Friday, October 7, 2022

Book Bans

 It happened! A school district banned the Bible. You may remember I recommended it in a previous column. If we’re going to get into the business of book banning, then this Biblical collection of violent stories and graphic sex, including rape and incest, needs to be at the top of the list.

Keller Independent School District outside of Fort Worth, Texas, has removed all versions of the Bible. It leaves me wondering if the Scriptures used by millions of people around the globe, will become part of the fuel for a public book burning.

There  are countless reasons for resisting book banning and book censorship.The following are my top ten:

1. There’s some useful material! If you take the Bible as an example, it has been an inspiration and guide to people of faith for centuries. It has a rich history of being used as a moral and ethical guide, even though there are some disturbing stories; and a main character for Christians, gets nailed to a cross to suffer a rather agonizing death.

2. You are introduced to some rather disturbing material! This seems to me a plus, not a minus. How much better to be introduced to some of the difficult circumstances in life through the printed page, before one encounters them face to face; or even afterwards, to help give the difficulty a little different context. Others, like parents and teachers, can often offer us context more easily to the printed page than the lived reality.
3. Some books banned are award winning literature! They have artistic merit. They are crafted well by a renowned writer. What’s next to be banned? Music? Poetry? Dance? Paintings? (Maybe I shouldn’t even mention this as it may give the censors additional targets; or the assassins new prey for their weapons).
4. Book banning could leave us with only mundane and boring reading!
It would be like going to the amusement park and finding the Ferris wheel gone, only a carousel remaining. “1984” was memorable reading, a great Ferris wheel. Maybe it’s on the banning list because it was a warning that got the date wrong.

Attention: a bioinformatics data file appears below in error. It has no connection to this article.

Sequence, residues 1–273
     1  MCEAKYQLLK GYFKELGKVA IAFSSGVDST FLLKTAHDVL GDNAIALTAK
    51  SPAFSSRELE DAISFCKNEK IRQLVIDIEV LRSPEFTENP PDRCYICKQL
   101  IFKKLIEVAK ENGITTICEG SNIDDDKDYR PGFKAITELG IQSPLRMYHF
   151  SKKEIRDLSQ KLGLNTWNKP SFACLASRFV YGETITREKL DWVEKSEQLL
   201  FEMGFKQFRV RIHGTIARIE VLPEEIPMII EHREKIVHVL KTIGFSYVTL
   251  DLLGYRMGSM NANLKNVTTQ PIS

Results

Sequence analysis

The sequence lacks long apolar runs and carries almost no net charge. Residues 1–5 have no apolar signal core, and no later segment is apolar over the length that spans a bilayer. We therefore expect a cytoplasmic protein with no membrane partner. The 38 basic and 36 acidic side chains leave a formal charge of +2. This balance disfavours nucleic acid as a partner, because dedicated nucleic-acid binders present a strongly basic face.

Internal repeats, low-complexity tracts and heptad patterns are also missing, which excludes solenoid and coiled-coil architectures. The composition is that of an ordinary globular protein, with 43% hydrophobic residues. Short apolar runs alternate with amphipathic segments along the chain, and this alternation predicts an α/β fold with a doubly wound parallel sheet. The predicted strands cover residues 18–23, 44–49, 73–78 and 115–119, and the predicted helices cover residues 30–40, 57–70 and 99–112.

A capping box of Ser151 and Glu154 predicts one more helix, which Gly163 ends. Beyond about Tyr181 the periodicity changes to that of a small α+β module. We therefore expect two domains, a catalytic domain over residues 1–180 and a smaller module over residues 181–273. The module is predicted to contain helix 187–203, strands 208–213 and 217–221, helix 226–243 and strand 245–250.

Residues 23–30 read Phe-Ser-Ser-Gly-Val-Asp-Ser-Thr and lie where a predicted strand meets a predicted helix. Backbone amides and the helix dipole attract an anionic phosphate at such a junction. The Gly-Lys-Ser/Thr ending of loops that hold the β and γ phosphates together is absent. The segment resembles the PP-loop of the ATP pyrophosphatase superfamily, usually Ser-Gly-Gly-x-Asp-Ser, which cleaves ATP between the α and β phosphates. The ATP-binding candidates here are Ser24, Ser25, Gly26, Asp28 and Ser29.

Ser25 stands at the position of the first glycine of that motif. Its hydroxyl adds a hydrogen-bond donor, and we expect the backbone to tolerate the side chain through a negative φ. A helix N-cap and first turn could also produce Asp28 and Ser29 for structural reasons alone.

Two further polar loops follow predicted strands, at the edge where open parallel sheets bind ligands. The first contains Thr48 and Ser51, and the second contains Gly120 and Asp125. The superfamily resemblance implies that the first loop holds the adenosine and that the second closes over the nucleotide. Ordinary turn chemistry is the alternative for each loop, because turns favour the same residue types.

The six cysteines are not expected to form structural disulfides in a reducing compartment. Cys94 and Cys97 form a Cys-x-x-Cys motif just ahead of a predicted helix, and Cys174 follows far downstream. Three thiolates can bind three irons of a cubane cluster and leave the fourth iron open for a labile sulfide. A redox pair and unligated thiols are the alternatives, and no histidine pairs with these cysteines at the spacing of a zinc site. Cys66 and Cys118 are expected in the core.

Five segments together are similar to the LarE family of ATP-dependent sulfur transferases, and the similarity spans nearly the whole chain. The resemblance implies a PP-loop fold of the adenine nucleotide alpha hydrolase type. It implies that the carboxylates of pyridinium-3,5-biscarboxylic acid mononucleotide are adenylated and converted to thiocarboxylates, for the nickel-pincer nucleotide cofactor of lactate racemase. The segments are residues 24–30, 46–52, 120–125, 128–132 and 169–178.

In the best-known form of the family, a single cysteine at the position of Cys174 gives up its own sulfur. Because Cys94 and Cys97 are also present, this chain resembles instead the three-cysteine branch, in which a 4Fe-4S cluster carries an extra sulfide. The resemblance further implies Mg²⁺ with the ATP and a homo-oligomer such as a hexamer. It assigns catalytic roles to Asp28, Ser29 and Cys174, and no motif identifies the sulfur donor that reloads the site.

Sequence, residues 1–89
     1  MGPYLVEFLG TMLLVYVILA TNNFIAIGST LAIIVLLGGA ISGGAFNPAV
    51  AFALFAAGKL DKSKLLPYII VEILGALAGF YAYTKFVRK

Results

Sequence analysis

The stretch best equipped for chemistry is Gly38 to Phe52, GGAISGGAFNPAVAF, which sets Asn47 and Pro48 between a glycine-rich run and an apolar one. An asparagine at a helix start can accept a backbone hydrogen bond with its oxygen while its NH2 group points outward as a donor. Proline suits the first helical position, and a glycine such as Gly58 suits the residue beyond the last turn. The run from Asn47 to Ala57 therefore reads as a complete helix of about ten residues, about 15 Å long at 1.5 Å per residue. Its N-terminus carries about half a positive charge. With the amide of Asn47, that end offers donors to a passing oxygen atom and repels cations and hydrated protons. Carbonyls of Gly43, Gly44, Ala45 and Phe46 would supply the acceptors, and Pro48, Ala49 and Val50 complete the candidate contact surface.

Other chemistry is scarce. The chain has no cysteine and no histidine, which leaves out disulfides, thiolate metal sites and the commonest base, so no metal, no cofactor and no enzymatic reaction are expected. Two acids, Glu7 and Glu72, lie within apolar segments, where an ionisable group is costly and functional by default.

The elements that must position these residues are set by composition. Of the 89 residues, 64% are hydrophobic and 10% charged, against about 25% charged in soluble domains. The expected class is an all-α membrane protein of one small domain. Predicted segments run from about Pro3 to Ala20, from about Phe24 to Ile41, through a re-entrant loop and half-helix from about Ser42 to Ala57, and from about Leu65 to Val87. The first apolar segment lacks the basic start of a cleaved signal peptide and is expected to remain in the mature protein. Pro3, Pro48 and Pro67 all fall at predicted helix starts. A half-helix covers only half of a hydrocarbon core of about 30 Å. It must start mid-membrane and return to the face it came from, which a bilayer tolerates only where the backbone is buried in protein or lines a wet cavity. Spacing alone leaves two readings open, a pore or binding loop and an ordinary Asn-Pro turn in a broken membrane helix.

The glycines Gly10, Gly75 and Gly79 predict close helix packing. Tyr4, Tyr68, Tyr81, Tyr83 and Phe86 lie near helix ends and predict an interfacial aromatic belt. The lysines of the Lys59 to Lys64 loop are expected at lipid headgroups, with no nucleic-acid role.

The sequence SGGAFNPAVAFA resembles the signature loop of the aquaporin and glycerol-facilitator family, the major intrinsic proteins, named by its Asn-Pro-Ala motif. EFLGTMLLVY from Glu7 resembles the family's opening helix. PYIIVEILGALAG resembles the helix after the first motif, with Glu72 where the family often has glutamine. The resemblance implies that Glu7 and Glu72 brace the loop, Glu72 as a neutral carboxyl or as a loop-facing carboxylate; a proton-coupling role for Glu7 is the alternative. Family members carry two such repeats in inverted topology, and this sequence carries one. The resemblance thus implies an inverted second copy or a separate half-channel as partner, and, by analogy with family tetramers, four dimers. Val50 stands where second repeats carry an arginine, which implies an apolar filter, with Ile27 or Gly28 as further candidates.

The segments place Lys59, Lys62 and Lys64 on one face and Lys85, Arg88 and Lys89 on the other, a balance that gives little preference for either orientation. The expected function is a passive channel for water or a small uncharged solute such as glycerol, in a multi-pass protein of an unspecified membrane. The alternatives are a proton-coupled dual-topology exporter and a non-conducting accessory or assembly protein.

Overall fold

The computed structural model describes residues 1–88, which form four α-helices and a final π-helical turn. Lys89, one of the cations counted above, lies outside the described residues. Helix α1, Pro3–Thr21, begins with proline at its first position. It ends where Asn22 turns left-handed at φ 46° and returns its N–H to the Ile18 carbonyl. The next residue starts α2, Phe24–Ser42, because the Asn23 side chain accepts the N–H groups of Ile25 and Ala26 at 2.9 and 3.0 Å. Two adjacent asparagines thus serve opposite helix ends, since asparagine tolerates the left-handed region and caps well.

5. Whatever political persuasion is in control gets to choose the books! Republican! Democrat! Theocrat! Autocrat! Take your pick. Eventually, if they all have their turn, they may put libraries out of business.

6. With book banning an educational purpose gets lost! Sometimes books can introduce us to a reality of life that prepares us for the future. It can help us learn about the tendency in human communities to enslave others, before someone tries to enslave us. Books can warn us of problems and pitfalls in our future and give us knowledge and courage to face them.

7. There’s always more to the story! Some people read the Bible and other books as if the words and ideas are frozen in time. If you look closely enough, the story continues; with another writer, another take on the same or similar material, another interpretation of the story. We need them all, all the stories, to have a full and more complete understanding.

8. You have a conversation starter with friends!
Some of my best conversations with friends are about books. Many of them the banners would burn. One friend and I meet occasionally to trade books and talk about them. I’m sending a friend off on his cross-country trip today with four books I’m donating to his time on the road, two of which most school districts in Texas would probably ban. 

9. Books don’t make good firewood! If you watch the video of Global Vision Bible Church in Tennessee burning “demonic” books like Harry Potter, you’ll notice that they have a good fire going first before they throw in the books. Pastor Greg Locke gets clearly worked up in the video by the “witchcraft” he sees around us. Good-bye the “Twilight” series!
10. There’s always the oral tradition or the internet! Personally, I like the feel of holding a book in my two hands with the printed page. There’s too much screen time in my life as it is. I don’t need or want an ebook. But in a pinch, if my chosen book were burnt, I’d go on line. Even more satisfying, I’d opt for the oral tradition. Give me a storyteller like Duane Hollow Horn Bear any day. It’s even better than a hold-in-my-hands book.

Carl Kline

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